Demystifying Big-O

Published on Friday, August 11, 2023 (9 months ago)

The mysterious Big-O notation is what we’ll be talking about here. It is used to describe the time complexity of algorithms.

The computational time complexity describes the change of the runtime when an algorithm’s input size changes, growing or shrinking. In other words, this useful to tell how slow a algorithm might be at processing any given data-set size.

The most common time complexities, in ascending order, are O(1)O(1), O(logn)O(\log n), O(n)O(n), O(nlogn)O(n \log n) and O(n2)O(n^2). We will follow this order as well.

Constant Time

O(1)O(1) or order 1.

The runtime of these are constant, i.e., no matter how large the data-set is, the algorithm performs the same…always.

An example of O(1)O(1) could be


If this array has less than two elements, this will obviously fail.

But fail fast one might say. It is still O(1)O(1) after all.

Granted, this is very simplified example, but no matter how large the array is, it will always take the exact same time to log the second element of an array.

Logarithmic Time

O(logn)O(\log n) or order n log n.

A way to explain the logarithmic time complexity is that for every doubling of elements, the time unit increases by one. E.g. it might take 2 milliseconds (ms) to process 8 elements, and 3 ms to process 16. Following this logic, it should not increase by another millisecond until the number of elements has doubled again - e.g. 32 elements.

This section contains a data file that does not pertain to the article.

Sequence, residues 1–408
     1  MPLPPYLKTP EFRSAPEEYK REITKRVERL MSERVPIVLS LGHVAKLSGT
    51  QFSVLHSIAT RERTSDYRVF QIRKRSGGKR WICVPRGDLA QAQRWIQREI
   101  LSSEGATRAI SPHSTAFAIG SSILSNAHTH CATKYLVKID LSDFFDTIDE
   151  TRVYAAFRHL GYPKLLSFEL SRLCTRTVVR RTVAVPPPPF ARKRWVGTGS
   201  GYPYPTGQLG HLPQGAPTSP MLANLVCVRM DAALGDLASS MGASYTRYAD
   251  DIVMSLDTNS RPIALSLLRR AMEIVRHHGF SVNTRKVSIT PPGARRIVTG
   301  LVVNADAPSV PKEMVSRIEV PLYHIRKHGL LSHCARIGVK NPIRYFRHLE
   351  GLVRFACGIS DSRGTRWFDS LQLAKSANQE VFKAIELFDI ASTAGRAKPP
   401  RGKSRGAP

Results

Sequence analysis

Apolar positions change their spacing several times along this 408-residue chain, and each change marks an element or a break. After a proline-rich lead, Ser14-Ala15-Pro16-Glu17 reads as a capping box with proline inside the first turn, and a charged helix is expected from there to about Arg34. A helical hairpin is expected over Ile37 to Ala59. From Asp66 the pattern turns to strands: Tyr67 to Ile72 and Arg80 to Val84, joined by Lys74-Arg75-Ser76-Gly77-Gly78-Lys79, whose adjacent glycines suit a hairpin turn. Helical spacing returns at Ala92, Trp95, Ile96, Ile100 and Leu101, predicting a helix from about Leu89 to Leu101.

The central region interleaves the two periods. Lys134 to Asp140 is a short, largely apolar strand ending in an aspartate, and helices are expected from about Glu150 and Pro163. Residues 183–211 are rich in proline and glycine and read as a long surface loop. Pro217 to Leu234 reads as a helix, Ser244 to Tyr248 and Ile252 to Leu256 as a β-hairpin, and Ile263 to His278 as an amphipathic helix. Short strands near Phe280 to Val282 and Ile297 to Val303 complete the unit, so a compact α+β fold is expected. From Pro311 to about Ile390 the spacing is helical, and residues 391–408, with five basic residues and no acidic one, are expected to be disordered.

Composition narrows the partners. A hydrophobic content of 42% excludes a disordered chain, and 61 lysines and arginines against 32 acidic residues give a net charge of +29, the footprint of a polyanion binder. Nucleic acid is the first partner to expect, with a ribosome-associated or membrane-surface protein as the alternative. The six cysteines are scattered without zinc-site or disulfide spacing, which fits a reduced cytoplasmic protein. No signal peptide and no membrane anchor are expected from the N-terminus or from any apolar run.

This can be useful, if yoou have some larger data-sets.

Linear Time

O(n)O(n) or order n.

If you have an algorithm of with a time complexity of O(N)O(N), and you provide it with some data to process, this data-set is containing NN-elements, the algorithm will finish after a certain amount of time. Now, if you give it a data-set with N2N*2-elements, it should now take twice as long to finish. With N3N*3-elements, this jumps to thrice the original speed, and so on and so forth.

Remember, we are never talking about the absolute time (e.g. Big-O is an indicator of time, Big Ben tells time) it takes to finish, but rather the time required, each depending on the size of the data-sets.

Linearithmic Time

O(nlogn)O(n \log n) or order n log n.

Like with the ”logarithmic time” from above, the O(nlogn)O(n \log n) also excel when you have a larger data-set.

This is in fact the merge sorting algorithm, you can read how it compares to the bucket-sort here.

Quadratic Time

O(n2)O(n^2) or order n squared.

If an algorithm performs with the time complexity n2n^2, it means this will quadruple in time it takes to finish when we double the number of elements in the data-set provided. As you can imagine, this is not the best option for a system that has to stay fast on a few elements as well as on a lot of elements.

Quick note, as you are able to tell from the code-example above, this is actually how the bubble sorting algorithm perform. If you wish to read more about this, tested against the the merge sorting algorithm (mentioned above), you can read about it here.

That being said, these sort of algorithms are not a waste to use, they might just need more time to finish up.